Still buying opportunities among 100-pointers?

A number of 100-point Bordeaux wines from the 2000 to 2010 vintages remain under £5,000 a case – is this a pool of ‘good value’ blue chip claret to interest collectors and investors?

A horse ploughs the vineyard at Pontet-CanetThirty wines from the Left and Right Banks that have been bestowed Robert Parker’s most lauded score – the majority from the 2005, 2009 and 2010 vintages – are available for less than £5,000 a case, with the ‘cheapest’ being under £1,500.

These prices are not of course ‘cheap’ in the traditional sense of the word but compared to other 100-point wines such as 1982 Le Pin which costs £77,698 a case, or Pétrus at £34,980 and Haut-Brion 1989 at £13,900, they can certainly seem so.

Liv-ex pointed out in July of last year that this situation existed for 29 labels and has done so once again with a recent blog post. Interestingly, not a great deal appears to have changed in the intermediate period although there have been some minor tweaks to the order and a new 100-point wine (Haut-Bailly 2009) has been added bringing the total to 30.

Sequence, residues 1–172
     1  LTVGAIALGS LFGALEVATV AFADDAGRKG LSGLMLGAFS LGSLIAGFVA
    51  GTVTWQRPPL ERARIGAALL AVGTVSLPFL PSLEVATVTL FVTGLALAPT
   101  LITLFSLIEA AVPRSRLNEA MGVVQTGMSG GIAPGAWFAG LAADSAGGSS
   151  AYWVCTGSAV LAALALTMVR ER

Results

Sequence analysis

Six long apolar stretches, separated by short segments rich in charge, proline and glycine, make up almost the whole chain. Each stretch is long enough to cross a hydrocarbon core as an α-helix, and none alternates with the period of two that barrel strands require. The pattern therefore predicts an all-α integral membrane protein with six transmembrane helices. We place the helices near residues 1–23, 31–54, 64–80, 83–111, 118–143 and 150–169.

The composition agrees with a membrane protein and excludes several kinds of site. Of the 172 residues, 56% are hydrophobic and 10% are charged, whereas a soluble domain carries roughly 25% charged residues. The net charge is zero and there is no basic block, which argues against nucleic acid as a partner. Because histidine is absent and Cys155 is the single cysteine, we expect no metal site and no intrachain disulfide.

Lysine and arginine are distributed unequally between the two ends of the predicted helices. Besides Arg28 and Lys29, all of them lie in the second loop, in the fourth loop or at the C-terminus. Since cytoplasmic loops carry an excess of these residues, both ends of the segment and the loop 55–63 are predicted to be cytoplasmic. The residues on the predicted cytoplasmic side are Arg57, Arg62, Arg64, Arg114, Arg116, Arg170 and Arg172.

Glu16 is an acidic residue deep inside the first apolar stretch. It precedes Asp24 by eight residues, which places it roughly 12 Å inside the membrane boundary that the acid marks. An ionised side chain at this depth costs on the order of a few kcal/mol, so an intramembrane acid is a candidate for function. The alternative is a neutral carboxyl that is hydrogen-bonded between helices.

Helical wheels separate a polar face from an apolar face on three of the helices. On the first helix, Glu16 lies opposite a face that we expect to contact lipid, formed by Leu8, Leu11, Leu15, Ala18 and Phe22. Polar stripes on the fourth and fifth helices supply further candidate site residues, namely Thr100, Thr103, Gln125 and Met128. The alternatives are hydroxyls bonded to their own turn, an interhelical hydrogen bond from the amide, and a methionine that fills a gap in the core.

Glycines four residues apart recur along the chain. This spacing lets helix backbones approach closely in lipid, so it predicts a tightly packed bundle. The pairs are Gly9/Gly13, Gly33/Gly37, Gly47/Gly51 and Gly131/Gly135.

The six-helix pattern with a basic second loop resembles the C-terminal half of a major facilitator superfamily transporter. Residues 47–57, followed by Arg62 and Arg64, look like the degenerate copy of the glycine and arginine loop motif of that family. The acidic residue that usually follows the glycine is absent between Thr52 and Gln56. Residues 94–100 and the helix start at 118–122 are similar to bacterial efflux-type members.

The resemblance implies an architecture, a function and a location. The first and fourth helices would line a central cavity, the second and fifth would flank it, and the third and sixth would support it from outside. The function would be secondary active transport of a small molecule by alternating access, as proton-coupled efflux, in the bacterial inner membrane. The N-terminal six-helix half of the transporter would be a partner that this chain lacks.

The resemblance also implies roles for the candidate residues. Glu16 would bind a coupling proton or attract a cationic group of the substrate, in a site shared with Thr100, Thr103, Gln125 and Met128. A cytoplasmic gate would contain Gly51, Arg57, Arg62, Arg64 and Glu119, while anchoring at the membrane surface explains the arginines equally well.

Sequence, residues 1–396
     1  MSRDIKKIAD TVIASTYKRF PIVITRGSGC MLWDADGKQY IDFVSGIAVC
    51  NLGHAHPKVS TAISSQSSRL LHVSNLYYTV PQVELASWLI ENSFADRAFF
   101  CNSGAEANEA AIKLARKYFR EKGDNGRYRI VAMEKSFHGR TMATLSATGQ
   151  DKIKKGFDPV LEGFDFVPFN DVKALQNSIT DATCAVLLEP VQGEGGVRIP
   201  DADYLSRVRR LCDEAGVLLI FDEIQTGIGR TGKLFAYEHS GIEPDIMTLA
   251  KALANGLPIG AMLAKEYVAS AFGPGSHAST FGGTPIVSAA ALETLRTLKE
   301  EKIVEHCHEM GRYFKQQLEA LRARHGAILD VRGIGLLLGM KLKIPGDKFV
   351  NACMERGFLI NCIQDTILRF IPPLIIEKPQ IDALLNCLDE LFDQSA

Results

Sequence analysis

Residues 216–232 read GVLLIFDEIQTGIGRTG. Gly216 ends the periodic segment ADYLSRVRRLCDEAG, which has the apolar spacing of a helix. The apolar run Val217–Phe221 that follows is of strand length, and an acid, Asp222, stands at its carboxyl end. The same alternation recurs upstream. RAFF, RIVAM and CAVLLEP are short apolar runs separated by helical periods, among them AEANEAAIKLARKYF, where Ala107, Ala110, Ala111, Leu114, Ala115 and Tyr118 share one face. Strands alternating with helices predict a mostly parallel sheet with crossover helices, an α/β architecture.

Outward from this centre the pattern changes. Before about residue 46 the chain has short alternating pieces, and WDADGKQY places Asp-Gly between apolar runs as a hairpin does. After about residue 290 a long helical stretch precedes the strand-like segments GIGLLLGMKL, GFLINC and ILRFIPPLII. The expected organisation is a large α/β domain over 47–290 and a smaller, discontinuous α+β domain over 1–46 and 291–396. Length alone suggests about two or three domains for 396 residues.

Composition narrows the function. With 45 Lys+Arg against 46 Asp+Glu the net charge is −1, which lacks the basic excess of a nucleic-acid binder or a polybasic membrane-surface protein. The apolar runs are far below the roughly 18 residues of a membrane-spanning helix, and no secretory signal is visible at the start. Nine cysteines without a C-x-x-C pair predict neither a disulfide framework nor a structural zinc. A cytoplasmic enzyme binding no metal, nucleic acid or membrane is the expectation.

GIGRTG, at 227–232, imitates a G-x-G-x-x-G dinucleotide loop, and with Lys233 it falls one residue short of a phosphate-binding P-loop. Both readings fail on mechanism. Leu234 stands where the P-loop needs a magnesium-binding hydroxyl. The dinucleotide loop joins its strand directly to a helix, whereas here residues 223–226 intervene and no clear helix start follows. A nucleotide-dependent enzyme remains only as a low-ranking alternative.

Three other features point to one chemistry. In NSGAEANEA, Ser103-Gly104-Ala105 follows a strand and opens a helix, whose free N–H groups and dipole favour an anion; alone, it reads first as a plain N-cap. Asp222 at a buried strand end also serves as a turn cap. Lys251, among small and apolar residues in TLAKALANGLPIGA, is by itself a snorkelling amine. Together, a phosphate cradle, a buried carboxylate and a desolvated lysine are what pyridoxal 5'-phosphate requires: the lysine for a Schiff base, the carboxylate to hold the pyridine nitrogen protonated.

For instance, at the very bottom, Pontet Canet and Pape Clément’s 2010 wines which were below £1,500 last July have climbed closer to that mark since that time – over-taking Léoville Poyferré 2009 which is now bottom of the heap.

100_point_bordeaux 2016

The 30 100-point Bordeaux labels as of April 2016

At the other end, despite gaining hugely in the run-up to Parker’s retrospective of the 2005s, La Mission Haut-Brion’s ’05 has slipped from under £4,500 a case to just under £4,000 – which has allowed its 2009 and 2000 vintages to take the top two spots.

The mid-order of the chart, mostly composed of ’09 and ’10 Pavie, Mondotte, Beauséjour Duffau and the like, has also seen a reshuffle since last July although without huge variations in price occurring.

With Parker now departed from the Bordeaux-scoring scene, the drinks business recently asked if greater ‘cult’ status for his 100-point wines beckoned?

With so many wines not breaking through the £5,000 barrier yet, clearly demand is not high enough and volume is too high to maintain higher price points.

Vintages such as 2009 and 2010 are still comparatively young and their historically high release prices have made them harder for the market to properly digest and consume.

Nonetheless, they certainly present a good pool of critically acclaimed wines from which to pick.

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